The Mountaineers (8-4, 6-3 in Big 12) won at least eight games in a season for the first time since 2018. Quarterback Garrett Greene threw for 269 yards and two touchdowns, including the game winner. Jaheim White rushed for 133 yards and Greene rushed for another 103 yards. Hudson Clement led with 80 yards receiving. Linebacker Ben Cutter led WVU with 10 tackles.
The Bears (3-9, 2-7) went 1-7 at home. Quarterback Sawyer Robertson threw for 215 yards and a touchdown. Richard Reese led Baylor with 42 yards rushing. Ketron Jackson Jr. had 88 yards receiving. Safety Devyn Bobby led the Bears with nine tackles.
Here are three thoughts on the game.
Richard Reese Unleashed
For 50 minutes of actual time (not game time) Baylor didn’t run a single offensive play. That should have put the Bears out of the game.
Enter Richard Reese. The Bears may not have run a single offensive play in those 50 minutes. But Reese fielded two kickoffs from West Virginia. He returned both for touchdowns. Back-to-back.
Seems improbable right? Well, here’s the first return.
And, here’s the second.
By the time Reese returned the second kickoff, Baylor was down just 17-14. Reese became the first player in Baylor history to have kickoff returns for touchdowns on back-to-back returns. Trestan Ebner is the only other Bears player to return two kickoffs for touchdowns in a game. But, as noted, he didn’t do it back-to-back.
By game’s end he had 237 kickoff return yards and 282 all-purpose yards. The sophomore had a great night — and he kept Baylor in the game.
For perspective, entering the game he had just 264 yards rushing. If you’re thinking ahead to 2024, Reese should be a huge part of Baylor’s plan.
WVU’s Ridiculous Game
The first half? West Virginia could do little wrong.
The second half? West Virginia could do little right.
It was so bad that at one point late in the fourth quarter WVU had just two first downs in the second half and gave up Baylor points on every Bears drive in the third quarter.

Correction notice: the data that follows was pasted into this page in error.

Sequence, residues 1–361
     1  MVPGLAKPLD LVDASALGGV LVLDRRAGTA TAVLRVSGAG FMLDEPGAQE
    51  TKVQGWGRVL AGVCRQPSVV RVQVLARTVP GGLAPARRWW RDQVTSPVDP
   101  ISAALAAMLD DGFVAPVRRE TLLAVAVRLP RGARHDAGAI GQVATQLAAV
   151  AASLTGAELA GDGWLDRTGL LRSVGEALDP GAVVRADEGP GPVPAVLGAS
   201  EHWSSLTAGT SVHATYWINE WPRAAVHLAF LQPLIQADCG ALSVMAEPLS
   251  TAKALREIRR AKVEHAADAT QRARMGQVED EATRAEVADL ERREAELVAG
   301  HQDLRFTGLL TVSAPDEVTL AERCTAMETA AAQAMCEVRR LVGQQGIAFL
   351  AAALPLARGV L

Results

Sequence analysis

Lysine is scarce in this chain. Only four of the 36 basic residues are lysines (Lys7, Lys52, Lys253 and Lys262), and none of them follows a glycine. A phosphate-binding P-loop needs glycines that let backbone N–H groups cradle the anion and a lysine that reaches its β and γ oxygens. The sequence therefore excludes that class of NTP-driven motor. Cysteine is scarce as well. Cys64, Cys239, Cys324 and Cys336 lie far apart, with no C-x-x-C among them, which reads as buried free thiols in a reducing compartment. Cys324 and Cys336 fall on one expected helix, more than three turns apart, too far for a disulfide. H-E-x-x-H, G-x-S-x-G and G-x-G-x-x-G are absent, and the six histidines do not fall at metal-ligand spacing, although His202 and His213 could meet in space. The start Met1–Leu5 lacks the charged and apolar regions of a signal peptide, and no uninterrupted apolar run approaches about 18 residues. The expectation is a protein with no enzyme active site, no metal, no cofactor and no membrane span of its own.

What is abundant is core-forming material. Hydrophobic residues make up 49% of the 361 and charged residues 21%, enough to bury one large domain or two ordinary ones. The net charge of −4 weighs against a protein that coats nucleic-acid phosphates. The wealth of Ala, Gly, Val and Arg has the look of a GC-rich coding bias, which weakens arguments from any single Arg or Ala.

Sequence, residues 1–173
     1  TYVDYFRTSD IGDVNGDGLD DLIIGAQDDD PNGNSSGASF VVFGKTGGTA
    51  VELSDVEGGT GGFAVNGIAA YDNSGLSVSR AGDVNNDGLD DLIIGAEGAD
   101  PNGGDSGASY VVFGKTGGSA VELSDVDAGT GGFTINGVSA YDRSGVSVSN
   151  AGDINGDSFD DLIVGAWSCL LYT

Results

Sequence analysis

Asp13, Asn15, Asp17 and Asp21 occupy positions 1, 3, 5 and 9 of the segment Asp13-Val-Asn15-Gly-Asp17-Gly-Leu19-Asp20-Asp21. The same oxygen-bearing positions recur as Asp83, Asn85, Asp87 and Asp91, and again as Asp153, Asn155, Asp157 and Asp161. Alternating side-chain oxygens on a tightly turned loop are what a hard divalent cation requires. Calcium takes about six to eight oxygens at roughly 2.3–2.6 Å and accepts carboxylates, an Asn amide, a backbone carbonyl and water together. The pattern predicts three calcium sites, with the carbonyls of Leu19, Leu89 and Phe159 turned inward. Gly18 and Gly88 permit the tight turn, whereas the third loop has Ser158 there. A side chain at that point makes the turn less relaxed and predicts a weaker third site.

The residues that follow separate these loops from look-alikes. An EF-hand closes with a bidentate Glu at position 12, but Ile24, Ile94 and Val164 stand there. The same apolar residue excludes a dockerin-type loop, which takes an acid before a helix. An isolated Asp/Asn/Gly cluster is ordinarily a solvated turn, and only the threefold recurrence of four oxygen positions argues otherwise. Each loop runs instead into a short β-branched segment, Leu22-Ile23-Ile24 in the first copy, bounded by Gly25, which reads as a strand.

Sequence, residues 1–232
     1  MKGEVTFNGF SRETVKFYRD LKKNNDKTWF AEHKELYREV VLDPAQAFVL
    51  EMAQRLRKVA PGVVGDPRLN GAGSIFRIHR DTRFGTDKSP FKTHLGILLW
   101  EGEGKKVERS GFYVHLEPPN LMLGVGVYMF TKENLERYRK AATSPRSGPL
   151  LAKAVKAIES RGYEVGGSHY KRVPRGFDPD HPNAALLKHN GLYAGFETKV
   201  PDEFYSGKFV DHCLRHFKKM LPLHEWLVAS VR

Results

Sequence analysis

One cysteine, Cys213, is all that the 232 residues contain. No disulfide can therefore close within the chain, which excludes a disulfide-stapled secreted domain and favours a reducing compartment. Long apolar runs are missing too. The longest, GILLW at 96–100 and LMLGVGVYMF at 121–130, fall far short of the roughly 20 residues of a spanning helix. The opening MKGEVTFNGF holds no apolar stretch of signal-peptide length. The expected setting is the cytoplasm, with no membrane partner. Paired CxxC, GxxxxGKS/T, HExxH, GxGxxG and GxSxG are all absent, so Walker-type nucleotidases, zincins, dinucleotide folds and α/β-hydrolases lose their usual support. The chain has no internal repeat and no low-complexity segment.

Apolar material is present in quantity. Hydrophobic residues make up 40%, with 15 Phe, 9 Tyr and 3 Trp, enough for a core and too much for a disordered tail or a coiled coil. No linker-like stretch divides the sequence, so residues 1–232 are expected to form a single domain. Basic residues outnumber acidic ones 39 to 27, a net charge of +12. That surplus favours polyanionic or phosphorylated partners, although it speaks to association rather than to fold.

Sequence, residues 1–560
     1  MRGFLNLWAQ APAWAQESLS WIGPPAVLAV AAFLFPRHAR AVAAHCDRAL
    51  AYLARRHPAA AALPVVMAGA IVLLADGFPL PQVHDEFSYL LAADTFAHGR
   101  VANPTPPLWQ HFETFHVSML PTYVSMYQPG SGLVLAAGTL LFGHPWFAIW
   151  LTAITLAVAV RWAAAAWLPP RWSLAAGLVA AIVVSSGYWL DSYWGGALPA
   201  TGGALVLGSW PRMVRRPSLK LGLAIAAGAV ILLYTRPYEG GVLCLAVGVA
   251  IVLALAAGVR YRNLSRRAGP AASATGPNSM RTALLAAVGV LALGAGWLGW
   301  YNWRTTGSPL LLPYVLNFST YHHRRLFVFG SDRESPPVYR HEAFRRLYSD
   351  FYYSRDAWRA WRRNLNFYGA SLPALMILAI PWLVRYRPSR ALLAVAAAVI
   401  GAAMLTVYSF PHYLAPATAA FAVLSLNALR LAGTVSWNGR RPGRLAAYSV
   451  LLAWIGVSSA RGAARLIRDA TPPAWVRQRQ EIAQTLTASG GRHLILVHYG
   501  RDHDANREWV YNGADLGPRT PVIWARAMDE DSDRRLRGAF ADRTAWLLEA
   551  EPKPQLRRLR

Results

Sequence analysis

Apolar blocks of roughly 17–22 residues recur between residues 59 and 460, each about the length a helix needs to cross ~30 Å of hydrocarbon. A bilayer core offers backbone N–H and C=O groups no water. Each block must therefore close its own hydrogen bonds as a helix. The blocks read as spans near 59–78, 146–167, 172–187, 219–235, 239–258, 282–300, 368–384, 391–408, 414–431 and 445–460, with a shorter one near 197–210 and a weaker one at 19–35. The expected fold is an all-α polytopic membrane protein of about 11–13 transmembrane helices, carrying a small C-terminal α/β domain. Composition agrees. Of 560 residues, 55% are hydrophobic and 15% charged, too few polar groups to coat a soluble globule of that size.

Baylor’s last drive was supposed to salt away the game. The Bears handed it to kicker Isaiah Hankins for a 32-yard field goal for a kick that, at the least, would make it a seven-point game with 1:14 left in the game.
He missed. WVU didn’t miss its shot to capitalize.
It was an incredibly efficient game-winning drive, the third of quarterback Garrett Greene’s career.
An 11-yard pass to Hudson Clement (with an assist from offensive lineman Zach Frazier, who seemed to carry him about seven yards across the marker before he got hurt).
Then, Greene to Clement for 23 yards.
Then a Greene run for eight yards, followed by another for nine yards.
Then Greene overthrew EJ Horton on a fly route to the end zone.
Finally, Greene connected with Jahiem White for a 29-yard touchdown pass.
It took less than a minute for WVU to rip Baylor’s heart out Thanos-style and rescue its own evening, which after the first quarter looked like it was headed for a WVU blowout.
WVU will finish in the Top 5 in the Big 12 this season. Who had that on their bingo card?
The Hot Seat Flip
I thought back to July and Big 12 Media Days while watching Saturday’s game. I think most of us thought West Virginia coach Neal Brown would be fired by season’s end and that Baylor’s Dave Aranda to have the Bears in contention in the Big 12.
Well, here we are in late November and the thought is that Brown probably gets another season at WVU while Aranda is now firmly on the hot seat at Baylor, to the point where some think he might get shown the door (or should get shown the door, if you’re a particular Baylor fan).
It just exposes the mercurial nature of college football, especially in the transfer portal/NIL era. Programs can defy expectations, such WVU did, or fall well below them, as Baylor did.
It’s what makes college football so much fun — and so maddening.iframe src=”https://app.e2ma.net/app2/audience/signup/1986400/1964875/” width=”510″ height=”500″ frameborder=”0″>
You can find Matthew Postins on Twitter @PostinsPostcard.